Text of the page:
StampTechnique Part 1

3 Mar 2016 - 49323

In restorative dentistry many direct composite techniques concentrate on layering protocols by adding composite increments toward each side of the cavity modelling the occlusal surface (1). It is, however, sometimes difficult to “free-hand” reproduce adequately all occlusal topography such as cusps, slopes, grooves, ridges, etc…

In few very speific cases where the occlusal surface is almost intact at the beginning of the restorative procedure a stamp technique can be an interesting alternative to “conventional” direct techniques because it allow us to quickly and easily reproduce exactly the same occlusal surface the patient had at the beginning. The technical feasibility of the so-called Stamp Technique has been proven not only in cavities but for vertical bite reconstruction of worn dentitions (2,3)

Fig. 1

Before restoring the tooth was cleaned with prophylaxis paste.

Fig. 2

Flowable Composite or even light Curing Dental Dam is first applied to the dental surface to make a kind of “mini impression” prior to prepping the cavity. Both materials faithfully reproduce occlusal topography. The index is connected to an instrument for easy handling.

Fig. 3

Once the cavity has been properly prepared and cleaned is ready to follow the bonding procedures.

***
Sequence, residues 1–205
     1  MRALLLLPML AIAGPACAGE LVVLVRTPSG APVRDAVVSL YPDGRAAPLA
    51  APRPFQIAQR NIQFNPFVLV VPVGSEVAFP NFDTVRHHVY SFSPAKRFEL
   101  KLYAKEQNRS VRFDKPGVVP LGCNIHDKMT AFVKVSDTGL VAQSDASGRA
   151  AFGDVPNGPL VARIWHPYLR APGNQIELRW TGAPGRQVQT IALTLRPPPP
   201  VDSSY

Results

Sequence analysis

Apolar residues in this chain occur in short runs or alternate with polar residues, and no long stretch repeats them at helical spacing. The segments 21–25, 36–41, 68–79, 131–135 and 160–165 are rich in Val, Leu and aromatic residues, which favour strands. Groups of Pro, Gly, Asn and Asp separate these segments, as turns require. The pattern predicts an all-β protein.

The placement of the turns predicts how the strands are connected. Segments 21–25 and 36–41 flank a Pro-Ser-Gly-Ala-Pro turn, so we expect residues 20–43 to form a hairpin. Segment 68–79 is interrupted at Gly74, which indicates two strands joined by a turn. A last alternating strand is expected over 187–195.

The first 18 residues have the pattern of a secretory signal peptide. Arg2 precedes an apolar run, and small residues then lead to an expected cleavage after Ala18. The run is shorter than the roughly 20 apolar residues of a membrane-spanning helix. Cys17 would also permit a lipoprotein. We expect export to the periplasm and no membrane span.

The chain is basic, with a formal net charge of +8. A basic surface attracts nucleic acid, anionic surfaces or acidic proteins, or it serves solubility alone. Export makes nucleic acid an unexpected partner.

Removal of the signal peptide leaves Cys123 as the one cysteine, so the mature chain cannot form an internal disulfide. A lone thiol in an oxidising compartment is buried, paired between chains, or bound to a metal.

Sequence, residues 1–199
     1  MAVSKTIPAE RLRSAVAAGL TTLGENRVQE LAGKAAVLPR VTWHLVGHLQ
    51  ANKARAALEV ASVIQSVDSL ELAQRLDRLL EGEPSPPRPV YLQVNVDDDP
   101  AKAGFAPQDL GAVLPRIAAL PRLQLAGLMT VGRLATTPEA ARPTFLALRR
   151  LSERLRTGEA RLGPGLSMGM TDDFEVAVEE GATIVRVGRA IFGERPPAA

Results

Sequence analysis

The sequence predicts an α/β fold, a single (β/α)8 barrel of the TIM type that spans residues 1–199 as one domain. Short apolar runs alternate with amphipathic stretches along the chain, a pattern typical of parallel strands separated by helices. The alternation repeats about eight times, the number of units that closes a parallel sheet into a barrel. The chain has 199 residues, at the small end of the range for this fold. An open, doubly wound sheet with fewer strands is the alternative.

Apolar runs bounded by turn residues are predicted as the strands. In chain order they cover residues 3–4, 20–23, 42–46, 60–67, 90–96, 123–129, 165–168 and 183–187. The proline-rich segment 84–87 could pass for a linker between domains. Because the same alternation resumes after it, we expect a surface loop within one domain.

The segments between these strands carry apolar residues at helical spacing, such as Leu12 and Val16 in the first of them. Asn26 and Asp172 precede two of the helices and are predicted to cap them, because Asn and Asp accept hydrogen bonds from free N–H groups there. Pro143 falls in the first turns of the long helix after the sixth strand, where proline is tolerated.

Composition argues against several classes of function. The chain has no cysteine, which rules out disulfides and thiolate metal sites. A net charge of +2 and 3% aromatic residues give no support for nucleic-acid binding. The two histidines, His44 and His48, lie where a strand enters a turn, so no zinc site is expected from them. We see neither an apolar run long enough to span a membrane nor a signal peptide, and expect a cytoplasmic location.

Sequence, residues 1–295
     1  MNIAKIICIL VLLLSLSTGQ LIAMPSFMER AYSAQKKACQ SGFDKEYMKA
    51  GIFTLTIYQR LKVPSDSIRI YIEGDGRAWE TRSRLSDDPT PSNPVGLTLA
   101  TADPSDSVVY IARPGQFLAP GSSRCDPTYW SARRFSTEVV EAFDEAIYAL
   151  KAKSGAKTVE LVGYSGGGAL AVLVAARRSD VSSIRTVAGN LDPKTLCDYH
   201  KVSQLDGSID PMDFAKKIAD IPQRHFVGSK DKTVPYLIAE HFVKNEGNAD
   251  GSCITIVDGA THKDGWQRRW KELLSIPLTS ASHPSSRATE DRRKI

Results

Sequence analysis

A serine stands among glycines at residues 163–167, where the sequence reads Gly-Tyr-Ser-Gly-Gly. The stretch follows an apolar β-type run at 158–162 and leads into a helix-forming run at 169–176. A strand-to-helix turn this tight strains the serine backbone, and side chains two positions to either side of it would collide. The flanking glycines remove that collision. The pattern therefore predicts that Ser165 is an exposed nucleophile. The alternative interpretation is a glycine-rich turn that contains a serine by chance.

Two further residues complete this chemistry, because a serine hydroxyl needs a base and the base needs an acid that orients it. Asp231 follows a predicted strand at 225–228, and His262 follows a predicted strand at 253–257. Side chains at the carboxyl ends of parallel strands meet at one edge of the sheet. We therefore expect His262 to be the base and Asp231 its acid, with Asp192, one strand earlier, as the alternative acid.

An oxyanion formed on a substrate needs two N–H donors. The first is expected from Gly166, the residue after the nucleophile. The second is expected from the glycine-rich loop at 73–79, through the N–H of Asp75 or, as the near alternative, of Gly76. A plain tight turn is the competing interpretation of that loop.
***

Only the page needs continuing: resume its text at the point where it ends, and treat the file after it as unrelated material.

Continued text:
Fig. 4

A thin layer of bulk fill composite material is applied and light cured. Depending on cavity depth one or two layers should be applied keeping the last layer uncured.

Fig. 5

Then a piece of teflon tape is used to cover the occlusal surface to avoid composite sticking to the occlusal stamp previously prepared. The uncured layer of composite is pushed through the teflon piece by pressing the occlusal stamp against the tooth and light cured for 80 seconds.

Fig. 6

This is the result after teflon removal and light curing through glycerin gel.

Fig. 7

Immediate result after occlusal adjustments, polishing and glossing.

Fig. 8

Final result after 3 months post-op.

Fig. 9

Another case resolved by using the same Stamp Technique.

Fig. 10

Occlusal index made with Curing Dental Dam.

Fig. 11

Cavity preparation.

Fig. 12

After teflon removal and before final light-curing.

Fig. 13

Clinicians must pay very careful attention to properly remove all excess and distorsions using tugnsten burs and silicone points.

Fig. 14

Final glossing.

Fig. 15

Immediate result after occlusal adjustment of both restorations.

Fig. 16

And last case to illustrate the optimum results we can achieve with this technique.

Fig. 17

Immediate result.